[At this point, some fans talk to Dave for a bit, which results in the next question.]
What's that? Is there a little Smalley in the house?
D: Yeah. Madeline Smalley, 10 months old now.
So there's finally little Down By L-offspring?
D: There is.
Has that changed your outlook at all, when you were recording the album and the like?
D: No. When we recorded the album, Maddy was already born. I certainly think all the cliches about parenthood are true for me, like, once you're a parent, if you're a good parent, all the other things in the world don't mean anything. If I had to choose, if God came down and said, "You have to choose between your guitar and singing and your child," I'd fucking smash that guitar and spit on it and never make another song again for the rest of my life. It would mean nothing to me because the baby means so much to me, so all the truisms, you know, you'd step in front of a truck for her, you'd do whatever, it's all true. That kind of is weird.
Punk rock has always been this sort of movement that seems really youthful and vital, and now punks are growing up, getting older and having kids. All of a sudden, they're parents now. What's going on? Is punk maturing or is just that the people who got into it when they were 18 or 20, like yourself, are getting to the point that it's just time to start doing that?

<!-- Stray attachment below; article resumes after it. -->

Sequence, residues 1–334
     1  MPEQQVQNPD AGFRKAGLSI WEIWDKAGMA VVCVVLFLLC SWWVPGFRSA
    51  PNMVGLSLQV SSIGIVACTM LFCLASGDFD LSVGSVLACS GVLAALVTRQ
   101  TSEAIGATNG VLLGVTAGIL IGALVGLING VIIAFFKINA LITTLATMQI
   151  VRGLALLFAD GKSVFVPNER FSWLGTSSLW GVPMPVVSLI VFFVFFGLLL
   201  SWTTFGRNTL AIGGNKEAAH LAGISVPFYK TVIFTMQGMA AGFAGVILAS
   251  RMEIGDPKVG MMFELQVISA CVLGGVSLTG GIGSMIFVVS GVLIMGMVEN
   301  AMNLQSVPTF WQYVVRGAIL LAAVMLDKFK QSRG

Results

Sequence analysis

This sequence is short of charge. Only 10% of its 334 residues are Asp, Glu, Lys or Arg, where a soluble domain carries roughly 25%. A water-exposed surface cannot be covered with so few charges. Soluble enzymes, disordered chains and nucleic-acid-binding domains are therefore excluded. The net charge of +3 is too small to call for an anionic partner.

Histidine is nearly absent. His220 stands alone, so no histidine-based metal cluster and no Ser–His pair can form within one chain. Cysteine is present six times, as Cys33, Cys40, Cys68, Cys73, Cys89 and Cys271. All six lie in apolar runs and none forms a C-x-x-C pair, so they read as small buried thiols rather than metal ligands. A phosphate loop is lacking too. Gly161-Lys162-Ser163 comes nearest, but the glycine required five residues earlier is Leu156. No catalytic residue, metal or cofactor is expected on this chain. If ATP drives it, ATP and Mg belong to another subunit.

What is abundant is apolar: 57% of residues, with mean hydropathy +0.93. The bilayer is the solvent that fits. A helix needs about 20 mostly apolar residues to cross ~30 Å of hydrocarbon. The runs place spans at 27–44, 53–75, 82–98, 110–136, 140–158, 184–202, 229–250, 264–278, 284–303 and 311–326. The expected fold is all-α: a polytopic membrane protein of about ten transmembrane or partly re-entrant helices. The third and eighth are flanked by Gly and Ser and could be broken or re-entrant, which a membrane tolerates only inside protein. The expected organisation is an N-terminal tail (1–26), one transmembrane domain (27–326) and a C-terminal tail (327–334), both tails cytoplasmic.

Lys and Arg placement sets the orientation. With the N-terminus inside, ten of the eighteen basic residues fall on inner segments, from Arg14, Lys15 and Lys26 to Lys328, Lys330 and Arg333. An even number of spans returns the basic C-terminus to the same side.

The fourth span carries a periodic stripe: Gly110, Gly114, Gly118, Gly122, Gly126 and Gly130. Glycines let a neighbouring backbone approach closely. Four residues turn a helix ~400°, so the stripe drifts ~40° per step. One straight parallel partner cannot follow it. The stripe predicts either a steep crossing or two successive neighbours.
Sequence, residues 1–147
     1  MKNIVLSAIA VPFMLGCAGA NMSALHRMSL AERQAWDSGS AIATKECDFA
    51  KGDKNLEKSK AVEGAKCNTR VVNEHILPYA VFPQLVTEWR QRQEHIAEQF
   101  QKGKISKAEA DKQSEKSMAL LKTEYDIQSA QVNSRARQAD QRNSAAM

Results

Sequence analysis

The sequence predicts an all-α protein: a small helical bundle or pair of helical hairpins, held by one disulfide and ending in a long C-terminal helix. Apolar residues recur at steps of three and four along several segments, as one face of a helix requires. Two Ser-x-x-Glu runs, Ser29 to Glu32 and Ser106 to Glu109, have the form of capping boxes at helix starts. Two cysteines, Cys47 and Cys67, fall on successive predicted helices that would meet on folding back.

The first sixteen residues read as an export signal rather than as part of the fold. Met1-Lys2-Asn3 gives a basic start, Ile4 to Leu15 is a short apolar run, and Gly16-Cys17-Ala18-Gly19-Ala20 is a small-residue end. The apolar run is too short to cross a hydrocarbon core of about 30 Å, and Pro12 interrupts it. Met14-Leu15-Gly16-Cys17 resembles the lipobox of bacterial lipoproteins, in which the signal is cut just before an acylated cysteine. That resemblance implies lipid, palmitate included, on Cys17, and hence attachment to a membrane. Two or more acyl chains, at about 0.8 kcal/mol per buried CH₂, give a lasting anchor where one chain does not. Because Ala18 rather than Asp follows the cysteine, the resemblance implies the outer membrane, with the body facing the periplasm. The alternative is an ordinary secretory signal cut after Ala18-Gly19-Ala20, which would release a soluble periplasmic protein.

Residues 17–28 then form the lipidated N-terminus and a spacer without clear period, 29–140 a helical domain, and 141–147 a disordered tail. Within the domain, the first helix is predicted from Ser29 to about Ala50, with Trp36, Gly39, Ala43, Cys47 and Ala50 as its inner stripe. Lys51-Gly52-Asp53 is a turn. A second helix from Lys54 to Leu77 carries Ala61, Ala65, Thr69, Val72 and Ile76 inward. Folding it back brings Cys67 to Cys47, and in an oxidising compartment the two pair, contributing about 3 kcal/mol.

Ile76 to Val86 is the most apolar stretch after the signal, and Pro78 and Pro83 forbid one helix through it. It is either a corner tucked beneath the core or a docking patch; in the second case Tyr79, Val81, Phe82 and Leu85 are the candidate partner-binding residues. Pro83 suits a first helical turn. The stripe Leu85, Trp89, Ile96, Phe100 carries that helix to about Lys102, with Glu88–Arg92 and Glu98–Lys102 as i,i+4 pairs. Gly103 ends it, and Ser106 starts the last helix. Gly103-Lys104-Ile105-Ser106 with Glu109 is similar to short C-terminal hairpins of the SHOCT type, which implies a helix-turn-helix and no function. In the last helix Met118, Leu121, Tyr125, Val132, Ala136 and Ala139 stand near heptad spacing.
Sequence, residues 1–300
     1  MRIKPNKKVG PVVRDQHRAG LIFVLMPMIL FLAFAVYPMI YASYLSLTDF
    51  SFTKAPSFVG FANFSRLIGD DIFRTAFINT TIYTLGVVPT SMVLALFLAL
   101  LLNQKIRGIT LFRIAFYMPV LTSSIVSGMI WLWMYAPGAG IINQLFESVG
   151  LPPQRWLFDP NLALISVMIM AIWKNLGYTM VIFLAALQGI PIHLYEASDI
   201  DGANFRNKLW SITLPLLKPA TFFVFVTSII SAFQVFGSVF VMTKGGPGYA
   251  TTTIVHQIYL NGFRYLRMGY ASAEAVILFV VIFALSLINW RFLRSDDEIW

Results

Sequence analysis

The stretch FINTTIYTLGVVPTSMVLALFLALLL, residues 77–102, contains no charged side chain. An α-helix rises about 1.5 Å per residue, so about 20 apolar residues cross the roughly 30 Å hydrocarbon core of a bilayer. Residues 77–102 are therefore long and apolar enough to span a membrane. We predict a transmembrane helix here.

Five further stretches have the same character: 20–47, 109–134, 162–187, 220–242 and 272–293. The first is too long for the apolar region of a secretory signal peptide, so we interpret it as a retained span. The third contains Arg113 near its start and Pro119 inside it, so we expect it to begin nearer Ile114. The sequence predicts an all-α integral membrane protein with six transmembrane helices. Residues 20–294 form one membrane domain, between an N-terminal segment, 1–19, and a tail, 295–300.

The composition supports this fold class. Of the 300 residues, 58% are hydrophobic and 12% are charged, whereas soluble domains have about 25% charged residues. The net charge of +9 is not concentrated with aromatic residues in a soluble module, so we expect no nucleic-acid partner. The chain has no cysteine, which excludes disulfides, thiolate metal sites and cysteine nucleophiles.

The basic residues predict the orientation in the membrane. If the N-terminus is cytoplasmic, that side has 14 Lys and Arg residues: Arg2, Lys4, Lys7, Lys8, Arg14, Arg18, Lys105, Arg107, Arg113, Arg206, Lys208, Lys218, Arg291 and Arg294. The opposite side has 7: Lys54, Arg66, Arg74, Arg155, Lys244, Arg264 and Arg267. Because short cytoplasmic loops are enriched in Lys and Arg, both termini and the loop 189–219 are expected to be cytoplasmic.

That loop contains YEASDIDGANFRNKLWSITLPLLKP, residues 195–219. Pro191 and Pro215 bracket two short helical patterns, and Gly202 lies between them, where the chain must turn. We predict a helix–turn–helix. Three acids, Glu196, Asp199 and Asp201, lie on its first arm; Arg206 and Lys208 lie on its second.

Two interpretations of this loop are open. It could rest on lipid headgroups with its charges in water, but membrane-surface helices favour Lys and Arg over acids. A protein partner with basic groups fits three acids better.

D: I think it's more that. I mean, if you're a musician, that's what you do but it doesn't mean that's all you do. You fall in love and you get married and have babies if you want. It's just something that comes and it's a beautiful, fucking great, cool experience.
Back to the album, and kind of off topic, I have two copies and I'm planning to buy the vinyl when it comes out. D: Yeah, support the vinyl for sure. Yeah. I want those extra songs.
D: Yeah, and you know what I'm really proud of also is that a lot of people thought "Oh, they put all the throwaways on there," and that's not the case. The songs on Side 4, we had some big arguments with our producers actually over what should go on it, because obviously our producers want their favorite songs to go on the CD so everyone will hear them and there's some really good ones. We did an acoustic cover of "Going Underground," which I'm really proud of and we also did another acoustic song called "Green Hills of Virginia" which I really love too.
Did you do anything else on the vinyl, like a gatefold sleeve?
D: Yeah, it's a double gatefold sleeve. We didn't do colored vinyl and we did it on purpose because that's kind of like a funny, punk rock thing to do, but the classic double albums, you know, "Frampton Comes Alive," "London Calling," whatever you want to say, they're all just black. Vinyl's black so it's black.